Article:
Keep Critters Cool this Summer

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As we enter into what is commonly referred to as the Dog Days of Summer, it is always important to make sure you are doing everything you can to keep your pets safe in the heat. Long exposure to rising temperatures can cause some severe problems to your pet including heat stroke and even death. To make sure you are watching your pet, follow these simple tips to beat the heat and keep your critters cool.

 

Keep Them Out of the Car

In a matter of minutes, a car can go from normal to severe temperatures. Even with windows cracked, it is not safe to leave your pets in the car. If you witness a pet in a parked car, call 9-1-1 immediately.

Adjust Your Walking Schedule

In the summer months it is better to walk your pet in the early morning or late evening. These times tend to be the coolest in the day and will help keep your pet safe. If you must walk your pet during the hotter times of the day, make sure the exercise is brief and take with you some water and a collapsible dish to help keep your pet hydrated and cool.

Avoid the Sun

Pets need shade just like humans do. It is never good to tie your dog out for long periods of time in the direct sunlight. You need to provide them with some sort of escape from the sun. Make sure they have fresh, clean water and some sort of shelter or tree to shield them from direct sunlight.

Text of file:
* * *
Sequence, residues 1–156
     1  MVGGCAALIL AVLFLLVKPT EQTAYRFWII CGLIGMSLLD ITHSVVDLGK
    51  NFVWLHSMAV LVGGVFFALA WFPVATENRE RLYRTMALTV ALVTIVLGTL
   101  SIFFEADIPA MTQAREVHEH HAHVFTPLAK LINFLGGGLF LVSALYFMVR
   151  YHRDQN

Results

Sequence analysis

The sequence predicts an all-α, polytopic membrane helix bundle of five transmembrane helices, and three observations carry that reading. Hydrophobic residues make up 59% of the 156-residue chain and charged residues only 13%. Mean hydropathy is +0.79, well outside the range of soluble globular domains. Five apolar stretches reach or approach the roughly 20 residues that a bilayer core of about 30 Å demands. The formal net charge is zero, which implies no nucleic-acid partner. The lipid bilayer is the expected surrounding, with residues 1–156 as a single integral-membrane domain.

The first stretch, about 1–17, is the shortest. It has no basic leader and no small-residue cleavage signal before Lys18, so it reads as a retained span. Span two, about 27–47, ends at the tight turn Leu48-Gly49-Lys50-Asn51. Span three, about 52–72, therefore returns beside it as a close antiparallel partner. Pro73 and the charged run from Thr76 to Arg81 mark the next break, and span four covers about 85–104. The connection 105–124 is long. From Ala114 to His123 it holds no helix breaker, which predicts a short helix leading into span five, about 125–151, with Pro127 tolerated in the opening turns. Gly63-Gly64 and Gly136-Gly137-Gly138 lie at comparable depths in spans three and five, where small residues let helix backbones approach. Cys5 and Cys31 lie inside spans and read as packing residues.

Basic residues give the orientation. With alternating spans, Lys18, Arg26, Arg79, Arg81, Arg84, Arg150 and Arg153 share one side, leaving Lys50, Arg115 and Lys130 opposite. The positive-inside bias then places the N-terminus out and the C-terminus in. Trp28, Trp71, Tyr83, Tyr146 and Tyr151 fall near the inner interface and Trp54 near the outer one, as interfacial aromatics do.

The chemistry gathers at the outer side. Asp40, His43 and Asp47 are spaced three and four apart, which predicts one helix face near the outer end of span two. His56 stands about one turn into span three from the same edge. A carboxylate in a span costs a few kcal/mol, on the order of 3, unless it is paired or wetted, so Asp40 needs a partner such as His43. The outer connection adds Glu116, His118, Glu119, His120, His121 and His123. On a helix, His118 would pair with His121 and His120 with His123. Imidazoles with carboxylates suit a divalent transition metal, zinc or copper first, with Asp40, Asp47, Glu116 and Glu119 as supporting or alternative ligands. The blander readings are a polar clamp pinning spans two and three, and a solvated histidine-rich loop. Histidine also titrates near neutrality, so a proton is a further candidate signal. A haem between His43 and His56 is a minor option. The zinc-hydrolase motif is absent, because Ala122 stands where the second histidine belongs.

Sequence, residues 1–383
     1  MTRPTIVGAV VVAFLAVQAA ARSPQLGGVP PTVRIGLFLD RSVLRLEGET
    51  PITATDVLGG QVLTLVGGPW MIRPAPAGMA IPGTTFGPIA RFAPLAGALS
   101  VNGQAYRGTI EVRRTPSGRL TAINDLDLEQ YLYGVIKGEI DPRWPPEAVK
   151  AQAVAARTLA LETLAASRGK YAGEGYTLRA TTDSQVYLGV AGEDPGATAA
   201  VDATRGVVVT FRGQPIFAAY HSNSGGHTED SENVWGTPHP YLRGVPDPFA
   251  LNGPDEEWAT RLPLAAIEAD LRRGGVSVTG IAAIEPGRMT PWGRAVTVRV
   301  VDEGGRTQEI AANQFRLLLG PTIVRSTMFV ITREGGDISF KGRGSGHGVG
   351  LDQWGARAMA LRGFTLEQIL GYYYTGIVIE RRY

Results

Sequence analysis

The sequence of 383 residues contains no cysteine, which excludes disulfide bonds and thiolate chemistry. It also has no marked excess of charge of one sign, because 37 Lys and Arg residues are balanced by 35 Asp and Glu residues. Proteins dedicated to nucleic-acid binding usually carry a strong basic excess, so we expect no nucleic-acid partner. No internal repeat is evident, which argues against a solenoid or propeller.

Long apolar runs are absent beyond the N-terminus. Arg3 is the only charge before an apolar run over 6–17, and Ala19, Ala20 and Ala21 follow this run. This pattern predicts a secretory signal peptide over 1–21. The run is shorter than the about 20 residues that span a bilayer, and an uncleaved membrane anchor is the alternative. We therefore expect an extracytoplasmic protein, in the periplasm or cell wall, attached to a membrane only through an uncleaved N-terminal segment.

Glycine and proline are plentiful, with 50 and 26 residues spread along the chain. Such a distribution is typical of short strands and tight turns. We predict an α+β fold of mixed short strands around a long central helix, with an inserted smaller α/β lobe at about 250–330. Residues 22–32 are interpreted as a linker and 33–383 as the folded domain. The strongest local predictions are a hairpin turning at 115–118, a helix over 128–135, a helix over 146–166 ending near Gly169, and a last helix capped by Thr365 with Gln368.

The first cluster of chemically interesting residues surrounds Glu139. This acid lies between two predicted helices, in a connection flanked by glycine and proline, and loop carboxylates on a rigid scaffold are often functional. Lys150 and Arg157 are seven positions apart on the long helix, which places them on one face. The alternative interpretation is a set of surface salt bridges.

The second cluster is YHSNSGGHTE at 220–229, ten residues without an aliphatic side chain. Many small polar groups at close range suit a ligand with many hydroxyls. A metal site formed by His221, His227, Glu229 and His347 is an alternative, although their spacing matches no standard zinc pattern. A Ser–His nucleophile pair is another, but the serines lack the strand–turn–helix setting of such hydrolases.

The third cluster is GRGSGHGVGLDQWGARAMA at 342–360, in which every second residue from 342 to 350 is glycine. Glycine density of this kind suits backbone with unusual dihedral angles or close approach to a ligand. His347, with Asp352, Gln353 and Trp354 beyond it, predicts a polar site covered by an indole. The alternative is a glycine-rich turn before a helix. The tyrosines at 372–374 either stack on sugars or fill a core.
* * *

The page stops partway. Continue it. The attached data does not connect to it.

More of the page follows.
Keep Temperatures Regulated

In the summer months, make sure to keep your home at a descent temperature. Use air conditioners, fans or allow your pets access to cooler rooms such as your basement. You don’t have to have your air extremely low, but something around 70 to 75 degrees is ideal for your pet.

Know the Symptoms

Heat stroke is a real concern for pets in the warmer months. Be aware of and watch for signs that your pet may be too hot. Symptoms include panting, difficulty breathing, vomiting, diarrhea, confusion, a rapid pulse, bright red gums or a blue tongue or lips. If you believe your pet has heat stroke you must act immediately. Move your pet to a cool place and lower their body temperature with cool, but not icy, water. Contact your vet immediately to ensure you pet stays safe.


Do you have a question for Brian? E-mail him at AskBrian@hsdayton.org. Brian Weltge is the President and CEO of the Humane Society of Greater Dayton. The Humane Society is a 501(c)(3) nonprofit organization dedicated to building loving relationships between people and pets. Founded 112 years ago, it is the largest and most established “no-kill” animal welfare agency in the area. It focuses on pet adoptions, eliminating pet overpopulation, providing education and ensuring the humane treatment of animals. For more information about the Humane Society of Greater Dayton, call 937- 268-PETS (7387) or visit www.hsdayton.org.